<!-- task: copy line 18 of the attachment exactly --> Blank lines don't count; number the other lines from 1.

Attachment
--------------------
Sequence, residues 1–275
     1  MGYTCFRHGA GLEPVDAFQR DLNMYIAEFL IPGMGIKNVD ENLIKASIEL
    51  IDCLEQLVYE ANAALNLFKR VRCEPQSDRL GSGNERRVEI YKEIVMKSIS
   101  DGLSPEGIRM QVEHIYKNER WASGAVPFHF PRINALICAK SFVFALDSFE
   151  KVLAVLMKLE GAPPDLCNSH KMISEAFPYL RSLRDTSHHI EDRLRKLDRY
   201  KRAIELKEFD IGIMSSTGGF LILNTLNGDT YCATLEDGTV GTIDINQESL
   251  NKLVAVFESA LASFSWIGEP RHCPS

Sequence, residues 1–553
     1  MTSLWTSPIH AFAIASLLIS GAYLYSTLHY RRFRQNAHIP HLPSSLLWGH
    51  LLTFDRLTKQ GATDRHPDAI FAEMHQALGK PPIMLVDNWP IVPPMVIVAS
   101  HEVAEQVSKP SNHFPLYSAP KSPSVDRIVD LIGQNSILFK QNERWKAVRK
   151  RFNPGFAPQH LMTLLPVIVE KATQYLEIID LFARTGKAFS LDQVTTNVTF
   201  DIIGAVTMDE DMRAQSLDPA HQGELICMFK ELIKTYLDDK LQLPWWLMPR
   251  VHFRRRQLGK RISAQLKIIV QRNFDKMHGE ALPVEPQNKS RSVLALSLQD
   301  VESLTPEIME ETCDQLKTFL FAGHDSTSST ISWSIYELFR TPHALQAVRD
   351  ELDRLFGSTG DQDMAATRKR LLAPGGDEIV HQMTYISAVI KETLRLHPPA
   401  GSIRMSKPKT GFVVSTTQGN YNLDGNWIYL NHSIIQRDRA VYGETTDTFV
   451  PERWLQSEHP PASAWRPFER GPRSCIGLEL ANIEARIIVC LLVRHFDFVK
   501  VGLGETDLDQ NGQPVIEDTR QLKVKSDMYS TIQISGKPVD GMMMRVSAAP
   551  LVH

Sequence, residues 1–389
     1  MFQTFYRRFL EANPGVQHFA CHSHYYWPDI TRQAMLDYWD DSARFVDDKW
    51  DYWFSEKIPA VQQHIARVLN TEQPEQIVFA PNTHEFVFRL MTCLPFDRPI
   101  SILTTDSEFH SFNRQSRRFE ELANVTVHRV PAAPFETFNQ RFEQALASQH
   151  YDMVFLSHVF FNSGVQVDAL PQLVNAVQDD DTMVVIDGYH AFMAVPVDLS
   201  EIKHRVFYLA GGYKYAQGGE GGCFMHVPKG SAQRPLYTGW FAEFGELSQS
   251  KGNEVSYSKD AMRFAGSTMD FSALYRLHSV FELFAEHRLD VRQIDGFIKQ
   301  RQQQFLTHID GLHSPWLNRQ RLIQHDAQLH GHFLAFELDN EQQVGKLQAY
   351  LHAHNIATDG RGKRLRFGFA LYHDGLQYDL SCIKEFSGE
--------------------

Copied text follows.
   451  PERWLQSEHP PASAWRPFER GPRSCIGLEL ANIEARIIVC LLVRHFDFVK